Example:

                ExpectedConditions.elementToBeClickable(driver.findElement(By.id("menubutton")));

                An expectation for checking an element is visible and enabled such that you can click it. In this method you need to pass the object of WebElement class.

                presenceOfElementLocated(By locator)

                An expectation for checking that an element is present on the DOM of a page. This does not necessarily mean that the element is visible.

                visibilityOfElementLocated(By locator)

                An expectation for checking that an element is either invisible or not present on the DOM.

                elementToBeSelected(WebElement element)

                An expectation for checking if the given element is selected.

                numberOfElementsToBe(By locator, java.lang.Integer number)

                An expectation for checking number of WebElements with given locator.

                titleIs(java.lang.String title)

                An expectation for checking the title of a page.This is not applicable to Appium Mobile Application.

                textToBePresentInElement(WebElement element, java.lang.String text)

                An expectation for checking if the given text is present in the specified element.
              • You can find more details about ExpectedConditions class and it’s methods on Official Selenium docs, but remember not all are applicable to Mobile Applications, however all the methods are valid for Mobile Web Browser(Chrome/Safari):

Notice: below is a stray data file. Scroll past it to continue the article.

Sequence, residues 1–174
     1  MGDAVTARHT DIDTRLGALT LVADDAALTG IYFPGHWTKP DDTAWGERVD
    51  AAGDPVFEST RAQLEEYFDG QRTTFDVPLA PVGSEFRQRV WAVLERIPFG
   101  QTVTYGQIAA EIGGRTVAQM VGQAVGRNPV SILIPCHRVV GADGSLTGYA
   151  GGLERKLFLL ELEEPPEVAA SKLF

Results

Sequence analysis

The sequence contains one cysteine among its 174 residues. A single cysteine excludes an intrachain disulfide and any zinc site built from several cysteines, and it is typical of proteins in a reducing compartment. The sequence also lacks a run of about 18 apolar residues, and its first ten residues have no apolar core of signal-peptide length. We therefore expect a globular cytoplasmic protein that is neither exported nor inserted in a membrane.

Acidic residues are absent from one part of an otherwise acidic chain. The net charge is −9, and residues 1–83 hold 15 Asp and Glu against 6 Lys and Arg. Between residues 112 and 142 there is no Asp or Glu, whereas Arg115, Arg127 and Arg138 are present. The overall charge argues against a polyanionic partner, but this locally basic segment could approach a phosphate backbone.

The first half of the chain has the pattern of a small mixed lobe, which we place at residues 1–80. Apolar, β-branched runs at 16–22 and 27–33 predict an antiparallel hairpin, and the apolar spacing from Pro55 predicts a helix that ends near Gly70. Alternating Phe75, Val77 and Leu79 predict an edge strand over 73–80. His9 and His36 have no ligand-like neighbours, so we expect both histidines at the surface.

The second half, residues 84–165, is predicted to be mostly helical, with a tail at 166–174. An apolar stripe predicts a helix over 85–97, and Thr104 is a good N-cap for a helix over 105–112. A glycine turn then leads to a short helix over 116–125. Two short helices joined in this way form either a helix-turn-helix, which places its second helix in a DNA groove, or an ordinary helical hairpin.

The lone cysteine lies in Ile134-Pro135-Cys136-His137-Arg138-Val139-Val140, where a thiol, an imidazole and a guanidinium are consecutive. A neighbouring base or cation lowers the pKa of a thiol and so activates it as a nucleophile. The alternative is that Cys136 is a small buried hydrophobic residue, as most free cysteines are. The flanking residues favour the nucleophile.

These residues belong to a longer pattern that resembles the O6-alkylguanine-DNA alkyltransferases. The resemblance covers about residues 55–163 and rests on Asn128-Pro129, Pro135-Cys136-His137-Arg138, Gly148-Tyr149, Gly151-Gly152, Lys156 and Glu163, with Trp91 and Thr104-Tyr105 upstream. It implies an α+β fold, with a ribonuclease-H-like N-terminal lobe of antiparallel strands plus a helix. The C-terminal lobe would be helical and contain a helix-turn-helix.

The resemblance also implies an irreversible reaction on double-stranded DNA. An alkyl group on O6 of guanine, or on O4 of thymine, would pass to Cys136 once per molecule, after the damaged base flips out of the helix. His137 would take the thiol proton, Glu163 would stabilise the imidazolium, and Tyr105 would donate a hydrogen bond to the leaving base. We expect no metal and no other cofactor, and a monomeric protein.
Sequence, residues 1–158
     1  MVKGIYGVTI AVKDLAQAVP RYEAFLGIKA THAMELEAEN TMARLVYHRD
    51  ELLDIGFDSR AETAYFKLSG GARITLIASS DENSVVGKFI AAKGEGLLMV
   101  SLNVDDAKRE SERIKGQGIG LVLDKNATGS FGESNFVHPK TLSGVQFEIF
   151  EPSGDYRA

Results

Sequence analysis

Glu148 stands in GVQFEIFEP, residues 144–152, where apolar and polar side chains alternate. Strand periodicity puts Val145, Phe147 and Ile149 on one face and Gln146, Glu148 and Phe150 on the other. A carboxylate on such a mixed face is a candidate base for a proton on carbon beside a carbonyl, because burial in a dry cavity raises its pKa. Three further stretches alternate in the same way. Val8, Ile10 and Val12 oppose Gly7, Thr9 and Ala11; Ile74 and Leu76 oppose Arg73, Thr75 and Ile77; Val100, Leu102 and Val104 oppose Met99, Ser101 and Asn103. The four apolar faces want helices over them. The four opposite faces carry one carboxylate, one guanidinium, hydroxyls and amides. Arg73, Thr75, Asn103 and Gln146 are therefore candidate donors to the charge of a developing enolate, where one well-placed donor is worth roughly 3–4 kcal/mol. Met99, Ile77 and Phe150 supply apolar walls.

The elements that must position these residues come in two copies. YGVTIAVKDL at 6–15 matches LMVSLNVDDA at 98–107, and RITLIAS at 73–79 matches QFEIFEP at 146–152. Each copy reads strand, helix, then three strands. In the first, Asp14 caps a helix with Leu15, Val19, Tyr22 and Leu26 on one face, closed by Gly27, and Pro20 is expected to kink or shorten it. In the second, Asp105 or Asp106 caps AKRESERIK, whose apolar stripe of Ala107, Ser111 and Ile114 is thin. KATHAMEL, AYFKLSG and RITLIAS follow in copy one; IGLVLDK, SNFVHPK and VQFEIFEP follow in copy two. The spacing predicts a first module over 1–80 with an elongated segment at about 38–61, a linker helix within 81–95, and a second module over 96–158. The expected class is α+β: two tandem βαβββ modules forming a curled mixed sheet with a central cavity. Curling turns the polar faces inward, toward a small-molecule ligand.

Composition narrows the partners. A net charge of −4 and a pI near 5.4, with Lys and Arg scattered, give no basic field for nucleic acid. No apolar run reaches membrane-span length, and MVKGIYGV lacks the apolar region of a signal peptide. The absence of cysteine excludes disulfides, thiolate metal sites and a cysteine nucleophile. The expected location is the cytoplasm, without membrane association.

3. 3.) Fluent wait:

            • Fluent wait is part of WebDriverWait, The only difference is it’s more configurable than Explicit wait.
            • You can configure the:
              1. Poll frequency: It is Time Interval to check whether expected condition for the webelement is met or not. So if poll frequency is 1 second and total wait time is 10 seconds, fluent will check if condition is met or not at every 1 seconds for maximum 10 times.
              2. Ignore the Exception: If you want to ignore specific exception such as NoSuchElementExceptions while searching for an element.
              3. Maximum wait time: The total maximum amount of time to wait for a condition is met before throwing an exception.
            • Below is the example of Fluent wait:

Now the question is Which types of Wait you should use When?

Wait Type Purpose
Implicit When you need to apply common wait without any condition.
Explicit When you need to test expected condition for an element.
Fluent When you need to test expected condition for an element after specific amount of time like every x seconds/minutes.

Synchronization in Automation Framework (WaitUtils.java)

 

  • In Chapter-7, we defined the Wait Utility in order to handle synchronization in our tests. In this section we will look into the usage of it.
  • We have created the WaitUtils object at 2 places to leverage the synchronization at Page Object or Test Class level:
  1. BasePO.java

Figure-1: WaitUtils object in BasePO

  1. BaseTest.java

Figure-2: WaitUtils object in BaseTest.

  • You can see there are many wait methods(of Implicit and Explicit wait) are defined in WaitUtils.java file, Now let’s create a simple example to use WaitUtils using the WaitUtils object at the Page Object and Test Class level.
  • WaitUtils.java

  1. WaitUtils usage on TestCases.java

    Here the script is using staticWait(long milliSeconds) method, so after tapping on Login Screen Text View,the script will pause the execution for 2 seconds.

  2. WaitUtils usage on .java

    Here the script is using the same staticWait(long milliSeconds) method of WaitUtils.java class. In HomeScreenPO.java we have defined tapOnLoginScreenTextView() method which clicks on Login TextView - after tapping on Login Screen Text View, execution would pause for 2 seconds.

    So both of them doing the same work but at different places!

    Many beginner Appium developers sometimes wonder when to wait and for how long. Using wait in your scripts will become intuitive the more you use them and the more you run into certain conditions. And don’t worry, you’ll be greeted with exceptions when you forget to include the proper wait!